How to Use the Pool to Recover Faster from Workouts

Learn how to use time in the pool to accelerate recovery after tough workouts.

During the summer, the pool is always a popular hangout, but it shouldn't just be a place for cannonballs and belly flops. In fact, a pool can be a valuable training and recovery tool when used the right way. Pool recovery workouts have been popular for years with elite athletes like Victor Cruz. Chip Smith, founder of Chip Smith Performance Systems, has integrated a weekly pool day into his clients' routines for decades.

The reason pool recovery workouts are so popular? It's simple—they work. Performing active recovery in a pool helps to reduce soreness, flushes out lactic acid and prevents a drop-off in performance. A 2010 study in the International Journal of Sports Medicine concluded a "swimming-based recovery session enhanced following day exercise performance."

Part of what makes pool recovery workouts so effective is that they let you put your body through a controlled range of motion without any of the pounding and impact inherent in dry land training.

"Pool recovery training is all about reducing the amount of impact your body endures while taking it through a range of motions," says Brandon McGill, sports performance director at STACK Velocity Sports Performance.

The best part about pool recovery is that the benefits can be gained from a short session of simple movements. Try this quick routine the next time you hit the pool to boost your recovery and enhance your performance. Then you can get back to your cannonballs.

The 9-Lap Pool Recovery Routine

There are a couple of things to keep in mind when performing a pool recovery routine. One, you need access to an area of the pool where the water is at least as high as your navel, and two, focus on range of motion over speed or intensity.

"Recovery is all about range of motion. If you're focused on going as fast and as hard as you can, you'll tire yourself out. Slow down, be deliberate and focus on a big range of motion," McGill says.

With that in mind, the movements in this routine should be performed at roughly 65- to 80-percent intensity.

The following routine is designed for a short course swimming pool with a length of about 25 yards.

Using the side of the pool for support, begin by performing:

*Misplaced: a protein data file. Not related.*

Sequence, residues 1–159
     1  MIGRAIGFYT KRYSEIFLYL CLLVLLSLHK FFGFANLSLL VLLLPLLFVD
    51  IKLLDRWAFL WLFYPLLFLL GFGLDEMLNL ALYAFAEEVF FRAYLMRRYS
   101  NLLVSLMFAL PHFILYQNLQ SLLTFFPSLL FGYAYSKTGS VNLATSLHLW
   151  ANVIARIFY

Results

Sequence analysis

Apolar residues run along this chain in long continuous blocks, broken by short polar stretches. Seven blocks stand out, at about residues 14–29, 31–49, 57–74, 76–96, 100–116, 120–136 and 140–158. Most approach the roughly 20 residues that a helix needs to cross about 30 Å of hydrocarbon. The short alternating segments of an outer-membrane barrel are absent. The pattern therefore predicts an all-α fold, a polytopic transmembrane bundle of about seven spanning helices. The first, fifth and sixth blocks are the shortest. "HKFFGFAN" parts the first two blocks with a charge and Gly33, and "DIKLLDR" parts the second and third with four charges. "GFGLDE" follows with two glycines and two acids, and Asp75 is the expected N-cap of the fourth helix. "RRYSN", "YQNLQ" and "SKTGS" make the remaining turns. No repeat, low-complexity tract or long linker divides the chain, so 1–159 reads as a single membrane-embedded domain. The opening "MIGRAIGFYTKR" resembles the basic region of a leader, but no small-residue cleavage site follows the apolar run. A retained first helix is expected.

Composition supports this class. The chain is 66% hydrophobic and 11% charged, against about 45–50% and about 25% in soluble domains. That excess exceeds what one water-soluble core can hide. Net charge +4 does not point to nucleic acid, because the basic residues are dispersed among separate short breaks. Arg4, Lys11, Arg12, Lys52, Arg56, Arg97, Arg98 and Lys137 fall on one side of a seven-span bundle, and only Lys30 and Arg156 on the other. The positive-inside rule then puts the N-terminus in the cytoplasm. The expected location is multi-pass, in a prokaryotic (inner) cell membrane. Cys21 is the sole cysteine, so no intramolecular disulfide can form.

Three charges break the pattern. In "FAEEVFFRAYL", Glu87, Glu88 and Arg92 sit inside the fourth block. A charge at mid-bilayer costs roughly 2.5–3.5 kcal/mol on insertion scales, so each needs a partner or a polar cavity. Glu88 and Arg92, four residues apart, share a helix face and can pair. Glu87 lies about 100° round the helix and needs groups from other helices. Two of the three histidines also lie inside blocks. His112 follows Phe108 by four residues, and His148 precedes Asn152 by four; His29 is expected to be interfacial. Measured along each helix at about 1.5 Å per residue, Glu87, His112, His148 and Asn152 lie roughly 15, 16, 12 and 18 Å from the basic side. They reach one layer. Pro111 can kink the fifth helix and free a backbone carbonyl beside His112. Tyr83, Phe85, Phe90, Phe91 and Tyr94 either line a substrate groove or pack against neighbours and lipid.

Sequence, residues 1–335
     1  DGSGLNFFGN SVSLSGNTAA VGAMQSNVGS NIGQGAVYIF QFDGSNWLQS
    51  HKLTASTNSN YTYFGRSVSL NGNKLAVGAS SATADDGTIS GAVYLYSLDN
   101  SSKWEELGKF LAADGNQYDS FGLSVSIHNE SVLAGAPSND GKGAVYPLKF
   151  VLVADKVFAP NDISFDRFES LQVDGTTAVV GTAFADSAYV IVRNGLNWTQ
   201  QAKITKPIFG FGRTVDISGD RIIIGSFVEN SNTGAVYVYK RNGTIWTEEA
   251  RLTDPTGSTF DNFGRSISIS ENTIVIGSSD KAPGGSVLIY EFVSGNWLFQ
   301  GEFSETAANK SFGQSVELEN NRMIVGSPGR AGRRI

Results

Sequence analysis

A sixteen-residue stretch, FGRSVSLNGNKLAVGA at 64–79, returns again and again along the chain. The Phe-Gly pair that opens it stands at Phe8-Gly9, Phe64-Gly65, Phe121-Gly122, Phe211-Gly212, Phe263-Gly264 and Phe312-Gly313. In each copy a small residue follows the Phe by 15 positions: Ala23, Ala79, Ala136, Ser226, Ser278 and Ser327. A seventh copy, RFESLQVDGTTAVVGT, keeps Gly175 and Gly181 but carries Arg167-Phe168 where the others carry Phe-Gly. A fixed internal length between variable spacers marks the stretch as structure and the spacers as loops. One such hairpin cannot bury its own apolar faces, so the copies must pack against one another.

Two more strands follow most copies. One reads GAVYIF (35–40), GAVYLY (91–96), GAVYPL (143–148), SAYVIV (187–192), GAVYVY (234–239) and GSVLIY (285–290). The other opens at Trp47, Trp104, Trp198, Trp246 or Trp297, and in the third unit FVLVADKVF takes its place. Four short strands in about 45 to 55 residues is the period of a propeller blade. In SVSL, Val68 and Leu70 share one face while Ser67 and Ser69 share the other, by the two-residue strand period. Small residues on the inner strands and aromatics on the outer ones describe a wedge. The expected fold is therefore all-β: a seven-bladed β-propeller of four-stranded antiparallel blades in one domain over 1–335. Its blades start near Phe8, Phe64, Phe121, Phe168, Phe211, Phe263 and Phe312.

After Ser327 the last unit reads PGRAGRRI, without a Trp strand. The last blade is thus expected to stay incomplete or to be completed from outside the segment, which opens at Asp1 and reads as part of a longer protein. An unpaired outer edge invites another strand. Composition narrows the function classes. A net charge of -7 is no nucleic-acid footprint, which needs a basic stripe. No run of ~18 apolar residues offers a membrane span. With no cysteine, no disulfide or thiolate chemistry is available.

After the Leg Swings, move to the movement portion of the routine. This simple routine consists of nine laps using various movements.

  • Forward Jog down, Backpedal back
  • Forward Jog down, Backpedal back
  • High Knees down, Carioca back
  • Butt Kicks down, Forward Skips back
  • High Knees down, Carioca back (facing other direction)
  • Freestyle swim down, Shuffle back
  • Freestyle swim down, Shuffle back (facing opposite way)
  • Breast stroke down, Lateral Skip back
  • Breast stroke down, Lateral Skip back

It's that simple. This short routine can stimulate recovery and leave you feeling better than you did before.

If you'd like to extend your routine or further customize it to your needs, here are some other great pool exercises:

  • Squat Jumps
  • Knee Tuck Jumps
  • Power Skips
  • Swimming with a kick board
  • Jumping Jacks

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Fun and Games

Hopping in the pool help you physically and mentally recharge your batteries during a period of heavy training. Playing a game such as pool basketball, pool volleyball, tag or water polo allows you to have fun and blow off steam while stimulating recovery. Such games put you through a wide variety of movements and motions, which accelerate recovery and help flush out lactic acid while keeping impact to a minimum.

"I've found the loosely structured workouts geared towards both mental and physical regeneration work out the best," McGill says.

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Having fun while you recover? Sure sounds better than an ice bath.


Photo Credit: Getty Images // Thinkstock

Topics: SWIMMING | WORKOUT RECOVERY | WATER | EXERCISE | SPORTS | RECOVERY | INTENSITY | SHUFFLE | SPORTS PERFORMANCE | RANGE OF MOTION | RECOVER | LACTIC ACID